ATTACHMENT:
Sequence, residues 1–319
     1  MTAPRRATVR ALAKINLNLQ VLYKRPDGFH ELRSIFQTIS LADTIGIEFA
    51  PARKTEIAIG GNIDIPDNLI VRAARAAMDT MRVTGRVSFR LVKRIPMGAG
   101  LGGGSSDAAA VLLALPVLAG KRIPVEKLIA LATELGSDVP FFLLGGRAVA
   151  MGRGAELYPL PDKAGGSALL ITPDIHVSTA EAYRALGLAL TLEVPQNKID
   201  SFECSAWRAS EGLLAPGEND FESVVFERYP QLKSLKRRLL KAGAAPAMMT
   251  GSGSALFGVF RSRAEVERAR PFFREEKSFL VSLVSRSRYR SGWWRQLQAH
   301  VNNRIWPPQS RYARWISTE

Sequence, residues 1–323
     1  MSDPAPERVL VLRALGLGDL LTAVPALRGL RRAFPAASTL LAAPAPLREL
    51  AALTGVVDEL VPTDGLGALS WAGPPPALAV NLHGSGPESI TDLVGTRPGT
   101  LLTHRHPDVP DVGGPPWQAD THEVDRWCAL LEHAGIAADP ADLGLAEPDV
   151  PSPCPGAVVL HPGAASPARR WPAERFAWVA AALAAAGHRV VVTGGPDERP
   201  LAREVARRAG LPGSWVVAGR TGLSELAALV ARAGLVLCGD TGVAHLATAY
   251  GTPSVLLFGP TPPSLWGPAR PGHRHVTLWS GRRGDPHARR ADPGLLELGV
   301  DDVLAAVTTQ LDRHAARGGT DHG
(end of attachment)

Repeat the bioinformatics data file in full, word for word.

Sequence, residues 1–319
     1  MTAPRRATVR ALAKINLNLQ VLYKRPDGFH ELRSIFQTIS LADTIGIEFA
    51  PARKTEIAIG GNIDIPDNLI VRAARAAMDT MRVTGRVSFR LVKRIPMGAG
   101  LGGGSSDAAA VLLALPVLAG KRIPVEKLIA LATELGSDVP FFLLGGRAVA
   151  MGRGAELYPL PDKAGGSALL ITPDIHVSTA EAYRALGLAL TLEVPQNKID
   201  SFECSAWRAS EGLLAPGEND FESVVFERYP QLKSLKRRLL KAGAAPAMMT
   251  GSGSALFGVF RSRAEVERAR PFFREEKSFL VSLVSRSRYR SGWWRQLQAH
   301  VNNRIWPPQS RYARWISTE

Sequence, residues 1–323
     1  MSDPAPERVL VLRALGLGDL LTAVPALRGL RRAFPAASTL LAAPAPLREL
    51  AALTGVVDEL VPTDGLGALS WAGPPPALAV NLHGSGPESI TDLVGTRPGT
   101  LLTHRHPDVP DVGGPPWQAD THEVDRWCAL LEHAGIAADP ADLGLAEPDV
   151  PSPCPGAVVL HPGAASPARR WPAERFAWVA AALAAAGHRV VVTGGPDERP
   201  LAREVARRAG LPGSWVVAGR TGLSELAALV ARAGLVLCGD TGVAHLATAY
   251  GTPSVLLFGP TPPSLWGPAR PGHRHVTLWS GRRGDPHARR ADPGLLELGV
   301  DDVLAAVTTQ LDRHAARGGT DHG